Friday night, the infamous Melvins play the Theater of Living Arts at 9:00 p.m. in support of two new albums, Electroretard and The Colossus of Destiny. After 17 years, 15 full lengths and more than 6 bass players, the Melvins are still going strong and show no signs of slowing down.
The Melvins formed in 1984 in Aberdeen, Washington, a suburb of Seattle. Initially playing 200-mph punk rock, Melvins front man and founder Buzz Osborne radically changed the band’s style. Their debut album, Gluey Porch Treatments, virtually changed the face of music in 1987. Instead of the rocket-speed riffs they had been playing, the Melvins slowed their de-tuned guitars down to a snail’s pace.
Gaining their “sludge-rock” influences from Black Sabbath and punkers Flipper, the Melvins single handedly created the emerging Pacific Northwest music style known as “grunge.” Soundgarden and Mudhoney are just a few of the bands that have listed the Melvins as their biggest influences. In some respects, Nirvana may not have even happened if it wasn’t for Buzz Osborne and company.
The story goes like this: Osborne and Kurt Cobain were friends in high school and Cobain eventually began hanging around the Melvins’ practice space. Cobain hadn’t heard much punk and Osborne gave Cobain a mix tape with bands like Flipper and Black Flag. It’s also speculated that Osborne taught Cobain how to play guitar.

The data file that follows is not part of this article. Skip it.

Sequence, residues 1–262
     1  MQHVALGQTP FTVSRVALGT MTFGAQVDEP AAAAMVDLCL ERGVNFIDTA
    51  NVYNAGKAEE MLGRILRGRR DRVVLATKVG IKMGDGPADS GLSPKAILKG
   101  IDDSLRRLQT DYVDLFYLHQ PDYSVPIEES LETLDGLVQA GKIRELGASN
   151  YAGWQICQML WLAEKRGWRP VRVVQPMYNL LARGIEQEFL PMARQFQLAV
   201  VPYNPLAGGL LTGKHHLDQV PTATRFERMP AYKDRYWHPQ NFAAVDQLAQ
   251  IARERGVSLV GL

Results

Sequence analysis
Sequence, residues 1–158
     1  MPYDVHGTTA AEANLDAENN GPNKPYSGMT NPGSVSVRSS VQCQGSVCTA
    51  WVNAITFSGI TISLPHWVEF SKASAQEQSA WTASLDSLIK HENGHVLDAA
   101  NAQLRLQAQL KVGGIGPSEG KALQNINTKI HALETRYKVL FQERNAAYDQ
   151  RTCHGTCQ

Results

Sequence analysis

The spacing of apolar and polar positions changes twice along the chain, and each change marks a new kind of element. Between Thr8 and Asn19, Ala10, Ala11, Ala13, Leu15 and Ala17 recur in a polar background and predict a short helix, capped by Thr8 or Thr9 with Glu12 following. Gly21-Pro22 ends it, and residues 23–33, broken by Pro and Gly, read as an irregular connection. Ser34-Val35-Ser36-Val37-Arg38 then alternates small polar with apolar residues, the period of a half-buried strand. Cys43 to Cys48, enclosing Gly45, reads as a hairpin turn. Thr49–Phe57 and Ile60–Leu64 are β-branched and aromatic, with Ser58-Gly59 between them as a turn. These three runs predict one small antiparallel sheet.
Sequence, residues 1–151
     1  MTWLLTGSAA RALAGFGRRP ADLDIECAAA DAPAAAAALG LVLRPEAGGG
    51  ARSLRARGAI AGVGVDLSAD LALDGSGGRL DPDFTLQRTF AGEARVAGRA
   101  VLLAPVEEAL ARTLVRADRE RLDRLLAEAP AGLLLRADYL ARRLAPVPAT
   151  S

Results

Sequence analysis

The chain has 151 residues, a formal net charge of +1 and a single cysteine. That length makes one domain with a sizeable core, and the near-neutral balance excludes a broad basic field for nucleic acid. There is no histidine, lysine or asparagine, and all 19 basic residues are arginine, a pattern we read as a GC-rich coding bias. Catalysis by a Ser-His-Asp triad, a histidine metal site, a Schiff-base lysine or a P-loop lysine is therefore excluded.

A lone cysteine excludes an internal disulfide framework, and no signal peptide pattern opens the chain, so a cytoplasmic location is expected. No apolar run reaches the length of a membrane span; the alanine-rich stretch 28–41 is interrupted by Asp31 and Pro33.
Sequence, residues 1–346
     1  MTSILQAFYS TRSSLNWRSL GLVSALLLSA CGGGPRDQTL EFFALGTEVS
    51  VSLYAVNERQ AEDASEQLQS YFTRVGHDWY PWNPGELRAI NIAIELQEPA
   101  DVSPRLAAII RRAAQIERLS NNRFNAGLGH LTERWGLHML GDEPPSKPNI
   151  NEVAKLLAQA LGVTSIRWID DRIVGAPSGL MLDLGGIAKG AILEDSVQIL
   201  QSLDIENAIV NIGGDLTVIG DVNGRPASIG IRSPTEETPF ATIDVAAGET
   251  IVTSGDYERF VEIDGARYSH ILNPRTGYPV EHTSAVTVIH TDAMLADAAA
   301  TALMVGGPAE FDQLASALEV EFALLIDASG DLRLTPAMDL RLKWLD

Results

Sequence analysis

Since then, the Melvins have evolved throughout each album and expanding their sound. Today, they might have moved beyond the speed of molasses moving down a sidewalk, but the heaviness is greater than ever.
In 2000, the Melvins released three LPs showing each side of the band’s current style. Instead of releasing one mix-matched album, the band decided to spread out the songs on three full-length albums. The first album, The Maggot, showcases the band at its most brutal, with intense riffs and some of the heaviest songs ever recorded.
The Bootlicker, released a few months later, shows the band’s softer, more psychedelic side. No distortion was used on the album, and Osborne penned some dark, yet funky grooves.
The third album, The Crybaby, explores the bands more experimental side. Guest spots by Mike Patton, Tool, Brutal Truth and even Leif Garret reflect the Melvins’ weirdness.
The Folk Implosion opens for the Melvins. The lo-fi, indie rock duo is comprised of Lou Barlow (of Sebadoh) and fellow singer/songwriter, John Davis. They formed in 1993 after Davis sent Barlow a homemade tape of songs in the vein of Sebadoh, and their biggest hit is “Natural One,” from the KIDS soundtrack.
The Melvins w/ The Folk Implosion, Friday, April 27, 2001, 9 p.m., TLA, 334 South St., $12.50